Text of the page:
Howard would be on another level, however. For a team like the Chiefs who have a wide-open championship window, that type of aggressive move to get a legitimate difference-maker can’t ever be counted out.
Unlike the rest of the teams on this list, the Eagles aren’t a contender looking for the final piece to push over the top. They do have a glaring need at cornerback, however, and three first-round picks to play with. Eagles GM Howie Roseman is one of the league’s more aggressive general managers, so they can’t be ruled out of any blockbuster trade.
There are a number of stumbling blocks, though. Philadelphia would have to rework Howard’s contract because they’re already paying big bucks to Darius Slay and would want to avoid the same situation Miami finds itself in. That’s a big chunk of the salary cap to just two players and one position.
Philadelphia might also want to preserve its flexibility to pursue a quarterback via trade with those first-round picks. They’ve been mentioned as contenders for Deshaun Watson if his legal situation resolves itself and could use those picks to move up in the draft. Ultimately, Howard doesn’t make as much sense for where the Eagles are as a team compared to some other teams on this list.
The trade for Julio Jones signals the Titans are all-in on contending. Cornerback isn’t a glaring weakness but it’s also not settled. Veteran Janoris Jenkins has one outside spot locked up. 2020 second-rounder Kristian Fulton played a fair amount of nickel corner last season and he’ll have some competition from third-round slot corner Elijah Molden. The Titans are hopeful first-round CB Caleb Farley is healthy enough to lock down the other outside spot but Howard would be an upgrade over anyone else in this group.
Is it a big enough upgrade for the Titans to fork over another package of premium picks to acquire Howard? That’s harder to say. Given their situation, you have to think Tennessee would at least kick the tires on a trade for Howard. But it stands to reason the Dolphins would ask for more from the Titans than they would from other teams given they’re both in the AFC, so Tennessee is probably just a dark horse at best in any potential negotiations.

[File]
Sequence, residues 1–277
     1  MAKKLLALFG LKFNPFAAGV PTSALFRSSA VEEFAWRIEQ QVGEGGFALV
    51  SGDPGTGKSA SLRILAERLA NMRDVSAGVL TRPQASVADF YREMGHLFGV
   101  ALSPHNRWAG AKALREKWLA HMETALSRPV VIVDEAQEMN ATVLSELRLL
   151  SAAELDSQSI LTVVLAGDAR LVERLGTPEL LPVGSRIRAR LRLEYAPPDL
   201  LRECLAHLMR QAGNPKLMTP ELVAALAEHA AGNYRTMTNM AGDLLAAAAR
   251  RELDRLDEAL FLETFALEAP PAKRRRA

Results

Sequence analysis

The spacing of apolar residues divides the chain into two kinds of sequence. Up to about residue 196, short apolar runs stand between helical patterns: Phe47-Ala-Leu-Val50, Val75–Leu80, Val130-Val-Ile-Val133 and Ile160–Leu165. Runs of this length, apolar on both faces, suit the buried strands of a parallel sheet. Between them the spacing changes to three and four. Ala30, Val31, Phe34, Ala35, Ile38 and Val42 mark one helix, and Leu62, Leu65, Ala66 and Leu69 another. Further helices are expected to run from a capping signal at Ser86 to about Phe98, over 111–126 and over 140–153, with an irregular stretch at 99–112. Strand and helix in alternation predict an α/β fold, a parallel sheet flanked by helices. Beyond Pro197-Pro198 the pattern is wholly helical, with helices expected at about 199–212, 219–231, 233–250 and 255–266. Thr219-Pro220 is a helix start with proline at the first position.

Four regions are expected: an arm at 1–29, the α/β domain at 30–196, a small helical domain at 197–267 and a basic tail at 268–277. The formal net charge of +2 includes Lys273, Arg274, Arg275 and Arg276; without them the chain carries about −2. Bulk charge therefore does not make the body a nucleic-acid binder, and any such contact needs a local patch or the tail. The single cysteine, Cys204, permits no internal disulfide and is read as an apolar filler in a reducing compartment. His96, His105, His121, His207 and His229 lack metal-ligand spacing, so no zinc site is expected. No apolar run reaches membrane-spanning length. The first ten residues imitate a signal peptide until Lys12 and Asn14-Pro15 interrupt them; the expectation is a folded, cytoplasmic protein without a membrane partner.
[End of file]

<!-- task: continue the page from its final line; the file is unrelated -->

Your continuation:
While I’d expect the 49ers to look into a potential deal for Howard given they’re far from set at the cornerback position, the asking price ultimately might be too much given the blockbuster trade they’ve already pulled off this offseason.
Same story as San Francisco, the Rams don’t have a first-round pick until 2024 after trading for Matthew Stafford this offseason. While I’m sure the idea of pairing Howard and Ramsey is appealing to the front office, this is a limiting factor.
This Week In Football
- We’re just days away from the start of Packers training camp and some news one way or another on the Aaron Rodgers saga. We did learn a couple of new things this week, though. One was not necessarily that the Packers had offered to make Rodgers the NFL’s highest-paid player — that had already been out there to some degree for several weeks. The details of how things proceeded, with Green Bay continuing to drag their feet and Rodgers repeatedly rebuffing them, are new information, however. I still couldn’t really tell you how this is going to go, it’s hard to get a good read one way or another. All I can say is buckle up.
- Injuries suck. There’s no other way to put it. And there was a brutal one this week with the Rams losing budding RB Cam Akers to a torn Achilles. It will knock him out for the rest of this season and the history of backs who have suffered this injury is ugly. Medical science has lessened the number of injuries that can be considered career-ending, but Akers faces an uphill battle. If there’s a silver lining, he’s younger and more talented than some other backs who have suffered this injury recently. Meanwhile, the Rams will try to cobble a running game together with Darrell Henderson and Xavier Jones, for now.
- Most of the NFL world has operated under the assumption last season was TE Zach Ertz’s final one with the Eagles. Ertz himself was under that impression if his end-of-season presser last year is any indication. But after Philadelphia held tight to him the entire offseason after not getting a deal it thought was good enough, Ertz will report to the start of training camp. Ultimately there are about $8.5 million reasons why Ertz doesn’t make sense as an Eagle this year and the team is likely just trying to posture and create more leverage. The saga will play out a little longer, though.
- 49ers LB Fred Warner moved the market at his position in a huge way by signing a five-year, $95 million deal. That $19 million a year figure is eye-popping but it’ll look better once a few other linebackers like Indy’s Darius Leonard and Chicago’s Roquan Smith ink extensions. Warner can fly a little under the radar but he’s one of the best young linebackers in the game right now, particularly in coverage.
- The Saints’ defense took another hit this offseason, losing DT David Onyemata to a six-game suspension for a banned substance. New Orleans already had some questionable depth before, as the top options alongside Onyemata were former UDFAs Shy Tuttle and Malcolm Roach. Now those guys and a collection of other undrafted and street free agents will be counted on even more. This is a hole the Saints probably need to address along with No. 2 corner.
- The Steelers addressed a glaring need on defense by signing OLB Melvin Ingram to a one-year deal. Ingram might not start but he does provide much-needed depth and insurance in case second-year OLB Alex Highsmith doesn’t take the leap Pittsburgh is expecting. It also better insulates Pittsburgh from injury.